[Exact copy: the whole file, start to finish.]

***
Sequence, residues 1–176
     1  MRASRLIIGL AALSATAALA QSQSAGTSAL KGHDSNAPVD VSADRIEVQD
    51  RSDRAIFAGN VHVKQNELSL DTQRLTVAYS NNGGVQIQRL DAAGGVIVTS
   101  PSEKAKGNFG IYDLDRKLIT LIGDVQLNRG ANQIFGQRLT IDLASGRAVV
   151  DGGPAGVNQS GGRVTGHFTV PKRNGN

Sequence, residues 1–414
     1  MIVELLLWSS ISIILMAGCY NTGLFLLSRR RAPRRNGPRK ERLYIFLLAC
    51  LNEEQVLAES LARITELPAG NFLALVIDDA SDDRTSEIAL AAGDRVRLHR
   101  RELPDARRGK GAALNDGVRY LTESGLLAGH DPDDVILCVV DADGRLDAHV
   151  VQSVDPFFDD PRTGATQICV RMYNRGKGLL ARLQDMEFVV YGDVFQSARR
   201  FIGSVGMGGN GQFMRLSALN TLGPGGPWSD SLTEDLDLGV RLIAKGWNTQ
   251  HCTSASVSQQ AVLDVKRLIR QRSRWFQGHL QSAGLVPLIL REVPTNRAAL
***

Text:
Sequence, residues 1–176
     1  MRASRLIIGL AALSATAALA QSQSAGTSAL KGHDSNAPVD VSADRIEVQD
    51  RSDRAIFAGN VHVKQNELSL DTQRLTVAYS NNGGVQIQRL DAAGGVIVTS
   101  PSEKAKGNFG IYDLDRKLIT LIGDVQLNRG ANQIFGQRLT IDLASGRAVV
   151  DGGPAGVNQS GGRVTGHFTV PKRNGN

Sequence, residues 1–414
     1  MIVELLLWSS ISIILMAGCY NTGLFLLSRR RAPRRNGPRK ERLYIFLLAC
    51  LNEEQVLAES LARITELPAG NFLALVIDDA SDDRTSEIAL AAGDRVRLHR
   101  RELPDARRGK GAALNDGVRY LTESGLLAGH DPDDVILCVV DADGRLDAHV
   151  VQSVDPFFDD PRTGATQICV RMYNRGKGLL ARLQDMEFVV YGDVFQSARR
   201  FIGSVGMGGN GQFMRLSALN TLGPGGPWSD SLTEDLDLGV RLIAKGWNTQ
   251  HCTSASVSQQ AVLDVKRLIR QRSRWFQGHL QSAGLVPLIL REVPTNRAAL